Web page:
Helping heat stressed pigs with live yeast
Highlights from the Lallemand Animal Nutrition 7th International Levucell SB Technical Meeting
Preliminary results of a study on heat stress using live probiotic yeast showed increased resistance to heat stress and benefits to feeding behavior, according to Etienne Labussière from the French National Institute for Agricultural Research (INRA) Physiology, Environment and Genetics for the Animal and Livestock Systems (PEGASE). Labussière spoke on his research at the at the Lallemand Animal Nutrition Seventh International Levucell SB Technical Meeting, which occurred May 25 and 26 in Barcelona, Spain.
Increasing problems with heat stress
Climate changes and the increase in swine production in hot climates (in Spain, China and other countries) indicate that heat stress will be a growing issue in swine production. Labussière described the impact of heat stress on pig performance: the bigger the animal, the more sensitive to heat stress. Heat stress is considered a risk from around 26C to 28C. While feed intake is reduced, the animal uses extra energy to eliminate body heat and growth is affected. Labussière presented the methods used at an experimental facility at INRA to study energy balance and metabolism in swine under fixed ambient temperatures.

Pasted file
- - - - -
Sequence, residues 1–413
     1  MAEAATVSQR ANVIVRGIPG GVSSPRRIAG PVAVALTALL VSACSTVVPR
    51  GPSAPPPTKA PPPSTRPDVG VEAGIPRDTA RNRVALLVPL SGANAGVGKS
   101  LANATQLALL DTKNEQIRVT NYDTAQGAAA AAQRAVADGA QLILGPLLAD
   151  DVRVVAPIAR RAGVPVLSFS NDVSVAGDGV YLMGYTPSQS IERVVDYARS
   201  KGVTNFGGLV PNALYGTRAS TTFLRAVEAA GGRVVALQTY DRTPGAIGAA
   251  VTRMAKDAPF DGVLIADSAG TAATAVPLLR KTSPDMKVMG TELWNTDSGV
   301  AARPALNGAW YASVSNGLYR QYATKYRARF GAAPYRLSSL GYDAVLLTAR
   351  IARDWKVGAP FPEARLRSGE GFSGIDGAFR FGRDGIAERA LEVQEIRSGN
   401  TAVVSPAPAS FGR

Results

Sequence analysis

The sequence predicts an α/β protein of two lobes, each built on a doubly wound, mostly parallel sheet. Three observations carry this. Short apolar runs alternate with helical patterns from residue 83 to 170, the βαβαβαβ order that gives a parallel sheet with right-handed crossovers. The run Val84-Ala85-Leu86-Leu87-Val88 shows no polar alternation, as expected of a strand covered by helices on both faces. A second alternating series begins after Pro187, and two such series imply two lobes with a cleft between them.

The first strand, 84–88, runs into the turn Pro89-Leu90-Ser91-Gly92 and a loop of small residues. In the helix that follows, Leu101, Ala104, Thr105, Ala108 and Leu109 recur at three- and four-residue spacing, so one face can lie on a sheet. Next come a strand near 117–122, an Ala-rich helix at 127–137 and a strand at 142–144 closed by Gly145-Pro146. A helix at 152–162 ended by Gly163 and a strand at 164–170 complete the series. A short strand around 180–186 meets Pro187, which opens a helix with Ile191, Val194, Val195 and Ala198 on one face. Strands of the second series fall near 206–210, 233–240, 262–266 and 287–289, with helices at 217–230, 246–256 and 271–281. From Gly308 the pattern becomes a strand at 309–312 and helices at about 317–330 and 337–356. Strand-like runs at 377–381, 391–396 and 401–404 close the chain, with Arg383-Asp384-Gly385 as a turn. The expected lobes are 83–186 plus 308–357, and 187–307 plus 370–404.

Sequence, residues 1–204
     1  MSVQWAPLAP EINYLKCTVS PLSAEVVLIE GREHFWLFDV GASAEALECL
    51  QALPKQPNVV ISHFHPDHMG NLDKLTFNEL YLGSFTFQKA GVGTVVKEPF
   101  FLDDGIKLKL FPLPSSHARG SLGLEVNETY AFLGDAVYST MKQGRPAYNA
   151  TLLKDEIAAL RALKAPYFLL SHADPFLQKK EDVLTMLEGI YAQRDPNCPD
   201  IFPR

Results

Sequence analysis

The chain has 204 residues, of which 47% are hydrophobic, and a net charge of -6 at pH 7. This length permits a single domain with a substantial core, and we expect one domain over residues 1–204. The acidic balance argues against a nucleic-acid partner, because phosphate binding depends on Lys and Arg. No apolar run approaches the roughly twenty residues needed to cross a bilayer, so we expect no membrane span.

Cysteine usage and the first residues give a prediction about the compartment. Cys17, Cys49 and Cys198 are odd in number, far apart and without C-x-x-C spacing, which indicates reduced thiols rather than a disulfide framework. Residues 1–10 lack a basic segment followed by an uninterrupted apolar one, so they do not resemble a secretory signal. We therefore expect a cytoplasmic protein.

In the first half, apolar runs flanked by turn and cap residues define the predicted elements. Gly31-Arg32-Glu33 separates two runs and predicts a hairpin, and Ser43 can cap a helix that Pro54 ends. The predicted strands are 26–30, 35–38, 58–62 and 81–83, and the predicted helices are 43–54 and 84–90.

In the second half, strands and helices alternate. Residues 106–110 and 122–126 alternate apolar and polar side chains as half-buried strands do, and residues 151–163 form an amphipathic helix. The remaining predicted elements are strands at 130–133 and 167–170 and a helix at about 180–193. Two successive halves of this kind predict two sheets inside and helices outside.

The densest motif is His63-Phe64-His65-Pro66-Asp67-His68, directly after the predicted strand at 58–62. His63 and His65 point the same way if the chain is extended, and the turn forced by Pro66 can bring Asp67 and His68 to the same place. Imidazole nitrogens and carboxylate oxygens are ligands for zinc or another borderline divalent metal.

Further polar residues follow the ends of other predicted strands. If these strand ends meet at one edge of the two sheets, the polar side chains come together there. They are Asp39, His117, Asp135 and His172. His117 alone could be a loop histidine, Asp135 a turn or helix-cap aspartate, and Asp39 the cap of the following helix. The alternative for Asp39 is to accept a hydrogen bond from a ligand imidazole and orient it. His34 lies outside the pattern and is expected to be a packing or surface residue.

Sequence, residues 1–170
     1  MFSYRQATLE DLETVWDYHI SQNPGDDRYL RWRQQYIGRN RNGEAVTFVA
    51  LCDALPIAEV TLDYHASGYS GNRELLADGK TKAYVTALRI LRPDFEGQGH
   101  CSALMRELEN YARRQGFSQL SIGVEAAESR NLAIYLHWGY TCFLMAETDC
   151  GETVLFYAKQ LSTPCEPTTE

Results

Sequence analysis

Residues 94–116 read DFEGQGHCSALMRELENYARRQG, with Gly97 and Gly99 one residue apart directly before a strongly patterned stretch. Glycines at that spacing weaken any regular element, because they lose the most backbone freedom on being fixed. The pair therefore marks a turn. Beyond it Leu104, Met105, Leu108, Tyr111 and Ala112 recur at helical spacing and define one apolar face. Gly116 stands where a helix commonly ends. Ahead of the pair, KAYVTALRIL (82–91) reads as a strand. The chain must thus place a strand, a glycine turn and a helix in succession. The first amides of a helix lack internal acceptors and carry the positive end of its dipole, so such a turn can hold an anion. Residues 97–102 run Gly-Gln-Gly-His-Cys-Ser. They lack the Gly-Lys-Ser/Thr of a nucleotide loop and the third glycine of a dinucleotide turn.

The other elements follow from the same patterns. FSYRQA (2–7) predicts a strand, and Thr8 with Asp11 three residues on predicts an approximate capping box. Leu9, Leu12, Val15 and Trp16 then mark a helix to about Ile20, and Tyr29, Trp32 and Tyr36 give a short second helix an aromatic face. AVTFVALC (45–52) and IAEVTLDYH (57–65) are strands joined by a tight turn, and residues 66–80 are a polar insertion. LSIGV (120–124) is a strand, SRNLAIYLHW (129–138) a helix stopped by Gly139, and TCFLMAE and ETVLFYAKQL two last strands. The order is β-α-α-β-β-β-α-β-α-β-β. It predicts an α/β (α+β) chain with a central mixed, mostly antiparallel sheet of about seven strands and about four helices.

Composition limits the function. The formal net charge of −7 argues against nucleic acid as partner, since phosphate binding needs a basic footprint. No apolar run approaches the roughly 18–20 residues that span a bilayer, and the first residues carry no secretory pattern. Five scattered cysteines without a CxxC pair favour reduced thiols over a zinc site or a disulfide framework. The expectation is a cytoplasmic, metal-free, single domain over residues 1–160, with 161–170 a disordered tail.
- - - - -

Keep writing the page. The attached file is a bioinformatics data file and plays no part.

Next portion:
Yeast as countermeasure
This temperature regulation system was used to conduct an in-depth study on the effects of Levucell SB supplementation on thermal heat acclimatization and energy balance in finishing pigs. To date, not all data have been fully analyzed, but the preliminary results were presented in Barcelona. They indicate that the probiotic yeast had a positive effect on growth performance under both thermo-neutral (22°C) and heat stress (28°C) ambient temperature. However, the live yeast supplementation had a greater impact under heat stress as it was able to compensate for the negative impact of heat on pig growth, through a positive effect on feeding behavior. Labussière explained in a press release, “the live yeast helped the pig to cope with heat stress through an increased number of meals.”Such findings complement ongoing research studies on the relationship between the microbiota and the gut-brain axis conducted in both animals and humans by many researchers at the moment.